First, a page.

I've asked this very question in the past and my research led me to the following definition which (surprisingly) differs from every other answer here so far:
～となる expresses a discrete change, while ～になる can express either a discrete or a continuous change.
You can feasibly use ～になる for everything, since it covers all cases, but in cases where you want to use the most suitable grammatical phrasing (such as in formal situations), you often see this distinction made.
その島は去年、無人島となった。 (～となる because the change from "inhabited" to "uninhabited" is discrete and happens the instant the last person leaves.)
デビューした後、彼はだんだん人気者になっていった。 (～になる because popularity changes continuously in unmeasurable steps.)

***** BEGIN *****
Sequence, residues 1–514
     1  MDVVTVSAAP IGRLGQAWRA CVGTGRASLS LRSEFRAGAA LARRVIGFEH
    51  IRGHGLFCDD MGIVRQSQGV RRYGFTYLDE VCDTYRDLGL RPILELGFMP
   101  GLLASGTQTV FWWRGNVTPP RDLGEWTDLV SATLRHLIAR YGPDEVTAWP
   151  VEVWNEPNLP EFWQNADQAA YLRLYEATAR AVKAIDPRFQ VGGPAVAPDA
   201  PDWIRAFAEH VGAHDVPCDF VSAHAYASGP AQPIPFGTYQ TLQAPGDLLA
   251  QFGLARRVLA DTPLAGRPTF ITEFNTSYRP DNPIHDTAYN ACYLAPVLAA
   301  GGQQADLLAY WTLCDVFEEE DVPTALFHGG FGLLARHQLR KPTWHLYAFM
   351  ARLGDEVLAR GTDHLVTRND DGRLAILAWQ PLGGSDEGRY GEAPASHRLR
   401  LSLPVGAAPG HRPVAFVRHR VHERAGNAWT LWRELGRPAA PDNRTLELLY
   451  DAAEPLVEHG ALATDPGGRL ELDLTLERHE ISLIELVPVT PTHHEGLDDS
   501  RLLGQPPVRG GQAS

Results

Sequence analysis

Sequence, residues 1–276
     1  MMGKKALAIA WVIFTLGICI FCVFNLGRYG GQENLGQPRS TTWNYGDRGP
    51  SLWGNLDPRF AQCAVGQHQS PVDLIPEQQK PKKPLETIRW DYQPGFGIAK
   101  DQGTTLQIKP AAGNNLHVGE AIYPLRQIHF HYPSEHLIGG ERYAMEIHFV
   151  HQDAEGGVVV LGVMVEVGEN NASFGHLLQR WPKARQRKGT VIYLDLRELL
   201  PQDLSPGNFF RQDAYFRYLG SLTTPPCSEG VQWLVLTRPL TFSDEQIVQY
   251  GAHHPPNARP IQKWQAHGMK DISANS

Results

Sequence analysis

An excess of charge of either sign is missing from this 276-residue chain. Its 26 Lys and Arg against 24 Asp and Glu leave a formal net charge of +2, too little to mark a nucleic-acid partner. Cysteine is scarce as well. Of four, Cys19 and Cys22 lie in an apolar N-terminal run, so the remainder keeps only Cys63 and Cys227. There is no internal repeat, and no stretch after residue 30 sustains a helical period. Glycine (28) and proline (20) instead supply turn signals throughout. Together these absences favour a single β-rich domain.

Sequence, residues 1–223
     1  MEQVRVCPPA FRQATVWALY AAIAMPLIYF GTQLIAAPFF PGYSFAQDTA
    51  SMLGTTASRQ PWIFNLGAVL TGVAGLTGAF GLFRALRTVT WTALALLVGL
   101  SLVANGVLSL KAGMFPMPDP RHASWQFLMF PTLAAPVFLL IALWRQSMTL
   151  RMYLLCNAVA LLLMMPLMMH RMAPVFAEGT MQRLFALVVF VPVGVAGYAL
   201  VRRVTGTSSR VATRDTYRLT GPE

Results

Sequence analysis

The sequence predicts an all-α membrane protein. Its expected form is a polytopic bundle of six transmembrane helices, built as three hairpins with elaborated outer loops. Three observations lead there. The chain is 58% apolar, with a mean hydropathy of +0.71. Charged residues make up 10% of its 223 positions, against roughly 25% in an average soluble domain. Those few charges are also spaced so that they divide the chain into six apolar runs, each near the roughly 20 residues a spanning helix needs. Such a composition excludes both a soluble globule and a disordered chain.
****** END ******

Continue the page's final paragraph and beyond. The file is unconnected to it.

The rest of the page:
スカイツリーは現在、日本一高い建造物となっている。 (～となる because the title of "tallest building in Japan" applies to exactly one building, and a building cannot gradually become the tallest. It either is or it isn't.)
季節はこれから夏になっていく。 (～になる because the change in seasons is a gradual, progressive one.)
電線事故のため、新山口駅は終点となります。 (～となる because the title of "terminal station" only belongs to one station, and a station can't hold it partially.)
Your example in the question illustrates a discrete change in state (or more precisely, a discrete difference between 現金 and all other forms of payment), so both ～となる and ～になる are acceptable. However, since ～となる is "built" for such situations as these, it sounds more "proper" to use ～となる.
I suspect this rule also applies to the ～とする and ～にする forms, but I would have to do more research to confirm this.